• Access video storybooks, audiobooks, eLearning tutorials and reading materials for virtually all areas of learning. You can also find practice exams and other information to help students prepare for college.

In addition, the MWR Summer Reading Program is a great resource to help families bridge the summer learning gap.

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5. Reach out to experts when it’s time to move.

The school liaison program, resources and partnerships help military children thrive academically, socially and emotionally, regardless of duty station, deployments or transition status. To learn more about the school liaison program, contact your installation school liaison office. For your installation’s school liaison office phone number and email address, visit the Department of Defense Education Activity website.

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Support your child’s education

Supporting your child’s education requires time, commitment and the right information. Education consultants can assist you with questions. These one-on-one sessions are free and confidential. The consultants can provide you with referrals to in-home tutors and tutoring centers in your area, as well as public and private school information. Call 800-342-9647 at any time to schedule an appointment. International? View overseas calling options.

Preparing, Filing and Tax Refunds – The Essentials

Soldier holds one hundred dollar bill

T-A-X-E-S. This five-letter word doesn’t have to bring on a feeling of dread. Get ahead of your taxes and stay organized with Military OneSource MilTax, a suite of free tax services from the Department of Defense designed exclusively for our military community. MilTax includes easy-to-use tax preparation and e-filing software, personalized support from tax consultants and current information about filing taxes in the military.

Free MilTax Software

MilTax’s tax preparation and e-filing software is available from mid-January to mid-October. It’s easy to use and guaranteed to be 100% accurate.

Start your tax return early.

The tax deadline always seems to come sooner than you expect. Be prepared for tax season so there is no last-minute scramble to find everything, and so you can secure your tax refund early. Before filing, organize your paperwork and establish a specific place for all incoming tax documents, such as W-2 forms, as they arrive in the new year. You may need to track down others. You’ll also need Social Security numbers, birth dates and other information for everyone included in the return.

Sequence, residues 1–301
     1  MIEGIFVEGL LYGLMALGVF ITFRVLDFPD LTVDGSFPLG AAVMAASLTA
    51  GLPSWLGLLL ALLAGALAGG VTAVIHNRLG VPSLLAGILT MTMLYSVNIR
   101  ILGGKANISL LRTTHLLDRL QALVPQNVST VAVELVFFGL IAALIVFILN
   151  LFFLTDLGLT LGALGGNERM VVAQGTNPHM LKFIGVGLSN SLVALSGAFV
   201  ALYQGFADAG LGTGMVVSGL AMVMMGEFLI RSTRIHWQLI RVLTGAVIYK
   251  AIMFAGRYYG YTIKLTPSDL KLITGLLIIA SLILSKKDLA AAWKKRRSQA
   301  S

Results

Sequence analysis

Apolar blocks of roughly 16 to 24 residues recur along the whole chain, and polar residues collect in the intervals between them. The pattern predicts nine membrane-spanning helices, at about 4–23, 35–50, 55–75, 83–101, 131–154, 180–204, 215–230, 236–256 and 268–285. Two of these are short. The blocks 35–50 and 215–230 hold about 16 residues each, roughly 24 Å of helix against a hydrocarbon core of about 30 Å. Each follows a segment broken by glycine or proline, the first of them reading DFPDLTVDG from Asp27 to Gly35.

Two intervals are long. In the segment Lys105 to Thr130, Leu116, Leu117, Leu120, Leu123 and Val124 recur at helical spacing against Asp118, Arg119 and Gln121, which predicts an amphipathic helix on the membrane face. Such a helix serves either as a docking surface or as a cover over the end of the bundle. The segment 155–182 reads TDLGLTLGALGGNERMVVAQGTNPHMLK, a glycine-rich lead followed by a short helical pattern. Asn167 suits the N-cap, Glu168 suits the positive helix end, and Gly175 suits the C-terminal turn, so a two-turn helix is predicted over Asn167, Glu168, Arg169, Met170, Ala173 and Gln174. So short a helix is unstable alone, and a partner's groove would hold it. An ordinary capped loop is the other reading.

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Access free tax filing services.

Free MilTax preparation and e-filing software is available from mid-January through mid-October. Powered by an industry-leading tax service provider, it’s designed to address situations specific to the military. You will need a Military OneSource account and an additional account with the software provider to get started filing and to take advantage of this free benefit you earned with your service. Remember to return to Military OneSource, not the software provider’s website when you access the software in the future.

Military OneSource MilTax also offers free tax consultations to eligible service members and their families. Have a question or need help starting your tax return? MilTax consultants are specially trained to help with tax situations specific to service members and their families so you can receive your tax refund sooner. Call 800-342-9647 or live chat 24/7 to schedule an appointment with a MilTax consultant.

You can also get in-person support at a Volunteer Income Tax Support Assistance office location. The VITA program, provided by the Internal Revenue Service, provides coordinators for the Army, Marine Corps, Navy, Air Force and Coast Guard. These specialists are trained to address military-specific tax issues like combat-zone benefits and applying Earned Income Credit guidelines. They oversee the operation of military tax programs worldwide and serve as the main IRS outreach for military personnel and their families.

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Educate yourself on tax extensions.

Filing taxes after the official deadline is common, but there are important things to understand. For starters, you must file Form 4868 before the tax deadline. MilTax consultants can help make your tax – or extension – filing easy.

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Maximize your tax refund.

A tax refund isn’t free money, even if it feels that way. You worked hard to earn it, so put it to good use to help secure your financial future. Pay down your highest-interest credit card debt, build up an emergency fund, donate to a charitable organization or invest in yourself by using your refund for a certification class.

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Preparing for tax season can be stressful. Get peace of mind by creating a plan and using Military OneSource MilTax. Get started now.